The final Law Update of 2022 is here, and it’s packed full of articles. The double edition features two focus areas, first is a spotlight on Energy and Resources and second we feature a collection of articles on Transport and Logistics. The developments occurring in these sectors in the MENA region are unprecedented and our lawyers cover vast themes for you.
The Energy and Resources focus features topics such as diversifying energy resources, solar PV, mining in the Middle East, renewable energy and green hydrogen. From a transport perspective, we draw attention to the Bahrain metro project, discuss the challenges and remedies associated with the repossession of an aircraft, and there is advice on what to consider should a party vary the terms of a shipping contract.
This edition navigates you through updates from across jurisdictions such as, Oman, Jordan, Saudi Arabia, Egypt, Iraq, Qatar, and the UAE. Each article is timely and provides insights into legal issues and cases that are affecting these sectors across the region.Read the full edition
Intellectual Property Protection Committee
A new Intellectual Property Protection Committee (the “IPPC”) has been recently established at the Kuwait Trademark Office (the “TMO”) which is now the competent authority to receive all complaints related to trademark infringement. The IPPC has amongst its members the Commercial Control Department (“CCD”), which carries out the raids against the suspected shops, and the Criminal Evidence Department (the “CED”) which prepares and issues expertise reports on whether confiscated goods are counterfeit or not.
The procedures for filing complaints before the IPPC have simplified matters procedurally. Complaints used to be filed before the Undersecretary Commercial Control at the Ministry of Commerce and Industry (the “MOCI”), and it took a long time for the complaints to reach the competent CCD. The previous procedures involved formal letters exchanged by the several departments. The procedure now is now more streamlined, with the complaint being filed with the IPPC. Once filed, the IPPC will immediately liaise with the relevant CCD department and provide guidance on how to proceed with the complaint. It is also possible for the plaintiff to follow up with the relevant CCD department directly without having to wait for official correspondence between the different authorities and departments. The committee members also coordinate with each other in several ways including creating a group on the “Whatsapp” application through which they plan to secure fast and effective coordinated actions.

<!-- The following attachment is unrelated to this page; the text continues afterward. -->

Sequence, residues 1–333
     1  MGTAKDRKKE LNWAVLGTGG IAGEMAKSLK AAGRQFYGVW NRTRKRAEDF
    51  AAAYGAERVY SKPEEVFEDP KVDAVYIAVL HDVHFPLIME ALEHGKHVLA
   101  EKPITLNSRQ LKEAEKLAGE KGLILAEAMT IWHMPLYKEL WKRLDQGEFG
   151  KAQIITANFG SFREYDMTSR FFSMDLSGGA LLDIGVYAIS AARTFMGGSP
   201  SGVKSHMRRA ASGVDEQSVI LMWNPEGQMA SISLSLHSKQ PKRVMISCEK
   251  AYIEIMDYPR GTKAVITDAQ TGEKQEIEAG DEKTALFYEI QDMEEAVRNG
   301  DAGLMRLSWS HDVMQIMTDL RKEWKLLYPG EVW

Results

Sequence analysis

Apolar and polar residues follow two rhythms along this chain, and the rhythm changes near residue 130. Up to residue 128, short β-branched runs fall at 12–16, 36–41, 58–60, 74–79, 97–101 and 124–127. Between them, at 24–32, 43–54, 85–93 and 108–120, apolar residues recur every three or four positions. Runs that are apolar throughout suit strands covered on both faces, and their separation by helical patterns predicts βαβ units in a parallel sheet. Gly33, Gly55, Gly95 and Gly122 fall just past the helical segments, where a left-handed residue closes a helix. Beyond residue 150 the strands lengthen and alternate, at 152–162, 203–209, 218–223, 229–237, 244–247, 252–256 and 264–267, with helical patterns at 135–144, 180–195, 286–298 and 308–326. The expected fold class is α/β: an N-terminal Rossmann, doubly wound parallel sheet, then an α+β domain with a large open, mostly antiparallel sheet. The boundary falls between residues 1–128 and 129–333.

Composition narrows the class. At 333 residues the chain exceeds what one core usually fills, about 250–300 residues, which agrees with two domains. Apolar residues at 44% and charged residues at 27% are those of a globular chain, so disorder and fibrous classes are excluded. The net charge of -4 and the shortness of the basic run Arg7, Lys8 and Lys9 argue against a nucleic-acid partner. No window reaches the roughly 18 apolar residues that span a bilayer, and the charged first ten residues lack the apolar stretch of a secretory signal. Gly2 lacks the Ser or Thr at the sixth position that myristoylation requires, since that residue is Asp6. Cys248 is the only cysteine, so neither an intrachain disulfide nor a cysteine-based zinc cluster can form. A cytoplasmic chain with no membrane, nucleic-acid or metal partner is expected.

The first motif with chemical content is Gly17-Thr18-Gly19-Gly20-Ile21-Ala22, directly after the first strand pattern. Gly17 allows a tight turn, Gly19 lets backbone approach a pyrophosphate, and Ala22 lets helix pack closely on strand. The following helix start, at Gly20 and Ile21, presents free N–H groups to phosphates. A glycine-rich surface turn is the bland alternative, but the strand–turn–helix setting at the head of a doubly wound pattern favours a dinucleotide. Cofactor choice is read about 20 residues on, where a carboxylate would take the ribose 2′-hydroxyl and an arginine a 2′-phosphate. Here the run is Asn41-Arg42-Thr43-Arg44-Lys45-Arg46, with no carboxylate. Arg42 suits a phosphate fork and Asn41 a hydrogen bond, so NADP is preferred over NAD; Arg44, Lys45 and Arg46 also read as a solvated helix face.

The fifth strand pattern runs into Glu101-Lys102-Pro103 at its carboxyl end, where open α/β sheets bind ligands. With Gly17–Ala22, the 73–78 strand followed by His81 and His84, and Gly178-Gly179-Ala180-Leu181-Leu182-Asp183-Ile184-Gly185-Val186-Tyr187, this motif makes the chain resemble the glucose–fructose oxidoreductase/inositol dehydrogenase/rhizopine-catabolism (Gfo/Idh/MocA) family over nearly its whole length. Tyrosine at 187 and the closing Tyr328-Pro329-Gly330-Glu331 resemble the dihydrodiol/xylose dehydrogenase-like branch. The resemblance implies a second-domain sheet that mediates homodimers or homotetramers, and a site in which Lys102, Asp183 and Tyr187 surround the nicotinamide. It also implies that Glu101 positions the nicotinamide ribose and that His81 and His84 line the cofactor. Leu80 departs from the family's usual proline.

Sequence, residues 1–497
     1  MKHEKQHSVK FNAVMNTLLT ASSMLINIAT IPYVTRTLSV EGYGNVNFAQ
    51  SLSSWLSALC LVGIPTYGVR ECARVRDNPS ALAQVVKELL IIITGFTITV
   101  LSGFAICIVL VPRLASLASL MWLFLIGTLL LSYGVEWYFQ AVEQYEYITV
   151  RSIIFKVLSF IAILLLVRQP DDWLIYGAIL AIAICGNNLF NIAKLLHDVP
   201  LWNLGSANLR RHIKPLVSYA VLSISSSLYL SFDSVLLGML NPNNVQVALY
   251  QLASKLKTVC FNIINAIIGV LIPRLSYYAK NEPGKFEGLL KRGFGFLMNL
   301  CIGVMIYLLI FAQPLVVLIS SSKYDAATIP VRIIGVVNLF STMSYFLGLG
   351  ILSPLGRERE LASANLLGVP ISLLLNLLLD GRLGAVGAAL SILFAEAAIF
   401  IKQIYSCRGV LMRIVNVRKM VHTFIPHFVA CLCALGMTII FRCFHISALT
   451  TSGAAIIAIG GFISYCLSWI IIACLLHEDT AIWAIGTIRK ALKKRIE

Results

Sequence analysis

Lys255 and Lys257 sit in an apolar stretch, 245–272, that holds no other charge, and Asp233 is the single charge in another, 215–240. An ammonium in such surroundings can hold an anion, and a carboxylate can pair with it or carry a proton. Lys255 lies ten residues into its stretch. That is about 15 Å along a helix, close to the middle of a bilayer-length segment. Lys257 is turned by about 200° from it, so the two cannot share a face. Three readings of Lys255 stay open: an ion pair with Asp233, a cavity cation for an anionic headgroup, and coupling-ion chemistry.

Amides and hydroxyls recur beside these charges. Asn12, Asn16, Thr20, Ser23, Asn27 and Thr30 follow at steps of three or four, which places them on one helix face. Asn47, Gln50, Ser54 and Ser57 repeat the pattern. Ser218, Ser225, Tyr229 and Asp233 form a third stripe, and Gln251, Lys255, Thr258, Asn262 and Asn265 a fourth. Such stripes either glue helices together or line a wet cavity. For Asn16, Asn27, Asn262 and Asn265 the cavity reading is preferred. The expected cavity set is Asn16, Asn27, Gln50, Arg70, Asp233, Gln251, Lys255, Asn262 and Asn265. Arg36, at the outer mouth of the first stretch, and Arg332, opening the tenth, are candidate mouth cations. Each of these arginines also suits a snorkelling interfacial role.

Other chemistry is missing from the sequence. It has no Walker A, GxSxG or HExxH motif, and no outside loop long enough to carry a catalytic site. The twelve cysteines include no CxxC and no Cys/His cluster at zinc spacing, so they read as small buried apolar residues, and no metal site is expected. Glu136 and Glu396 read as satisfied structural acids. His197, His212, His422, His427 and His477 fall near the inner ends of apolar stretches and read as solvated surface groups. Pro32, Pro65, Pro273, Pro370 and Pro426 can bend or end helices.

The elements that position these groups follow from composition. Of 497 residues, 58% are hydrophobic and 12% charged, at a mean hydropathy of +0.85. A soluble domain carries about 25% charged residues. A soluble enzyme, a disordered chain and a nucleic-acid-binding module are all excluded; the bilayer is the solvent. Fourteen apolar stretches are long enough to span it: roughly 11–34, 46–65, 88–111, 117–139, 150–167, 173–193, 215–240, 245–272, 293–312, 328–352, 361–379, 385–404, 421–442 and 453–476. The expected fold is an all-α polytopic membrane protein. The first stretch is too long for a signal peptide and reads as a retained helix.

The requirements for filing a complaint before the IPPC are simple and only the following documents must be enclosed along with the complaint itself:
Further, for expensive products, the IPPC is considering excusing the plaintiffs from providing samples of the genuine product. However, one sample of such products will have to be submitted at a later stage to the CED so that they may compile their expert report.
The new measures are an indication of the TMO and associated governmental agencies giving importance to the fight against counterfeiting, and it is expected that these measures will evolve in the near future to increase effectiveness and efficiencies and deter counterfeiters. The current procedures are much improved from the previous procedures, which involved complicated steps. In the older procedures, the initial step was filing the complaint before theMOCI notwithstanding that its only function was to accept the complaint and send the file to the competent CCD through formal and lengthy procedures and then receive the file back from the CCD to arrange to send it to the Public Prosecutor. With the current procedures, the process is much faster as the complaint is now filed before the IPPC, in which the CCD is a member. After the filing of the complaint, the CCD is able to begin its work with regards to the complaint almost immediately.